1) I was wrong in my earlier support for Chuck Hagel. After re-considering my 'capability, knowledge and character' test (the framework I use when deciding whether to support cabinet nominees), I now no longer believe that Hagel meets the 'knowledge' requirement to be America's next Secretary of Defense. Put simply, his positions on the major issues of national security are deeply troubling to me. They indicate a world view that I believe to be misguided. This isn't about his Israel comments - it should be obvious to all that US-Israeli interests will sometimes diverge (though the anti-Semitic tone Hagel used was unpleasant). However, I cannot understand how Hagel honestly opposes sanctions against Iran. I cannot understand how he can be so openly comfortable with the notion of additional cuts to defense (further cuts on top of Obama's $450 bn/ten year cuts). Mainly, I have serious issues with Hagel's position on Iraq and Afghanistan. Hagel referred to the Iraq 'Surge' as the ''most dangerous foreign policy blunder since Vietnam.'' When in fact, it was an audacious policy of great success. Hagel has also signaled a comfort with Obama's increasingly ludicrous Afghanistan policy (see point 2). Taken together, these positions present a concerning picture about the advice and leadership that Hagel would provide as SecDef. Like other conservatives, I also worry that Obama intends to use Hagel to put a Republican face on major defense cuts.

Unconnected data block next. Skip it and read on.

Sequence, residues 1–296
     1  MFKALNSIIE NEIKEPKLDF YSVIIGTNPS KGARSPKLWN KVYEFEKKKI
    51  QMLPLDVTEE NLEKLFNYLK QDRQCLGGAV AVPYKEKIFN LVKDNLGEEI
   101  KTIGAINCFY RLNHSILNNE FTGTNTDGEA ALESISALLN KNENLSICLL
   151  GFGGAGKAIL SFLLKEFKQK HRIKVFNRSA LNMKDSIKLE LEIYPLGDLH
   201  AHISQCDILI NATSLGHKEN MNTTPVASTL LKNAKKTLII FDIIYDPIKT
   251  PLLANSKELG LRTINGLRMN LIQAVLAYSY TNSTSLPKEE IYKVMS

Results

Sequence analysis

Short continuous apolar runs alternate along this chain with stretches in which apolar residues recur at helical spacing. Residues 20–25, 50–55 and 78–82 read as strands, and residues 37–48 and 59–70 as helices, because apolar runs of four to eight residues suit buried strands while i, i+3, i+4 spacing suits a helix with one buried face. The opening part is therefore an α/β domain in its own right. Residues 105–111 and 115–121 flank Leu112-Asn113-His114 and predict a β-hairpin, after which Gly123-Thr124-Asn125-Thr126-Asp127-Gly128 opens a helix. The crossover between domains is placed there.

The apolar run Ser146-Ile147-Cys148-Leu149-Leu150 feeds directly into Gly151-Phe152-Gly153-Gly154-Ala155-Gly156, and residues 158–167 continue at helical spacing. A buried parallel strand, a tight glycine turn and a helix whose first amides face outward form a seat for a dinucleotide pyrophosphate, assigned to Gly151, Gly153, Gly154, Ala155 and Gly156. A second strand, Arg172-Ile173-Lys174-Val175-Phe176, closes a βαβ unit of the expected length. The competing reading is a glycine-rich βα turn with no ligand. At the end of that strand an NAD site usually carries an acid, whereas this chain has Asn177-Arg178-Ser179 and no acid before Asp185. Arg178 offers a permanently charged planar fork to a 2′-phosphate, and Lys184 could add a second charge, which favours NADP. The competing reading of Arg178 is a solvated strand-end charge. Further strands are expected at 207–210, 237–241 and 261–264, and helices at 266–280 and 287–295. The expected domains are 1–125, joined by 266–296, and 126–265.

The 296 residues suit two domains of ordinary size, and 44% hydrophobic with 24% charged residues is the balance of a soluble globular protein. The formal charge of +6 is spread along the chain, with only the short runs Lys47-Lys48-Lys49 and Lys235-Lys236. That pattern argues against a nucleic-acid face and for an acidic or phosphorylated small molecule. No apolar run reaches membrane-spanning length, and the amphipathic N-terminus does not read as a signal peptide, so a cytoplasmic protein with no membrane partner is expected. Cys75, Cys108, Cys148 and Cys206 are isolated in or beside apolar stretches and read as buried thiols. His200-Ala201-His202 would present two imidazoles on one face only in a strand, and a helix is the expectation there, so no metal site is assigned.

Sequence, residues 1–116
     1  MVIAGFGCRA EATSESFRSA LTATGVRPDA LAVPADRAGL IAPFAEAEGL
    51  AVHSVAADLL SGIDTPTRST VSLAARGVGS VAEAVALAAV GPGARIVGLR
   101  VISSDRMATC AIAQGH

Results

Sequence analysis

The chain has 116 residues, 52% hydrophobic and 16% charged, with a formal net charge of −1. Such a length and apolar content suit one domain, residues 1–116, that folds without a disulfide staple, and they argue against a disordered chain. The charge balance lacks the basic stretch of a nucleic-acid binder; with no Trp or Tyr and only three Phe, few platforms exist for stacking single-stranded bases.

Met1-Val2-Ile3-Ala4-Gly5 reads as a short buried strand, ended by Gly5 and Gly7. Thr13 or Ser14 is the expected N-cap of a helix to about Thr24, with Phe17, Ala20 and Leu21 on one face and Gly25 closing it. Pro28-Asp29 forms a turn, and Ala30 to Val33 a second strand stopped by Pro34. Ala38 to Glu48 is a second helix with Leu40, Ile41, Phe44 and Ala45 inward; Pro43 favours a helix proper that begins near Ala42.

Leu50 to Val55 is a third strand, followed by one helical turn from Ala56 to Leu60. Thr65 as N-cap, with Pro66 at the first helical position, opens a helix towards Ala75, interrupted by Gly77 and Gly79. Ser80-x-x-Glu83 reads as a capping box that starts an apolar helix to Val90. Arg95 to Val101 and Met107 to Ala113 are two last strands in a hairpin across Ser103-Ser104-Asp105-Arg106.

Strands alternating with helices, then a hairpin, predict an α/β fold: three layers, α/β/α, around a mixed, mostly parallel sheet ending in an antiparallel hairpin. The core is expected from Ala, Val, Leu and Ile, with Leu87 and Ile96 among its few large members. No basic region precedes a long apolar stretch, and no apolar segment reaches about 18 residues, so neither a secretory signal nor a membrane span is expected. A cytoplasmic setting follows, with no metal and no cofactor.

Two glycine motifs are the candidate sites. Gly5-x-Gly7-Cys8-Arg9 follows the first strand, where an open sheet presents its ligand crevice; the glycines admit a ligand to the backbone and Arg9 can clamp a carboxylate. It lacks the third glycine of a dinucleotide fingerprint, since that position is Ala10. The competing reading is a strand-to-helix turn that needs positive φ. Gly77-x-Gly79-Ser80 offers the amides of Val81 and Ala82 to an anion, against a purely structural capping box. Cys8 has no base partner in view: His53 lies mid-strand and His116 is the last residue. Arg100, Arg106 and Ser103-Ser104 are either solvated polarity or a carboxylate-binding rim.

2) Obama's policy towards Afghanistan has always been a disaster. First, he couldn't make his mind up about whether to support McChrystal's strategy. Second, he announced to the Taliban that the US would withdraw on a timeline. Third, he has systematically entertained the notion that his domestic spending priorities outweigh this key concern of national security. Fourth, he allows his policy to be driven by the shifting tides of US domestic politics, rather than by the advice of his senior military/national security leadership. Obama must not burn our Afghanistan successes in a misguided rush for the exit.
3) The growing complaints over video game/movie violence are pathetic and to me at least, also exceptionally annoying. We live in a free society. The First Amendment protects the right of professionals in the entertainment industry to shape their creations as they so desire. This is simple. If games/movies exceed the boundaries of social acceptance, then those productions will cease to gain consumer support and their producers will go out of business. In this context, at the margins free speech regulates itself. America must not follow the European course on free speech. A route typified by highly destructive wars against freedom.
4) Alex Jones is a delusional moron. He loves the sound of his own voice and he doesn't have a clue. But if Jones is a representative of American conservatism, Stalin was a democrat. Piers Morgan is trying to improve ratings on his show and I expect that he is succeeding. On a more serious note, there's one major question that I have for aggressive gun control advocates. If access is the key, why is gun crime highest in highly restrictive gun control locales like Chicago, DC, LA and Detroit?
5) In the long term, China will not sustainably replace the United States as the world's sole superpower. Consider China's absence of basic freedoms, failure to respect human rights, entrenchment of wealth and power in an unelected few and endemic culture of corrupt political patronage. These social challenges portend storms over the horizon.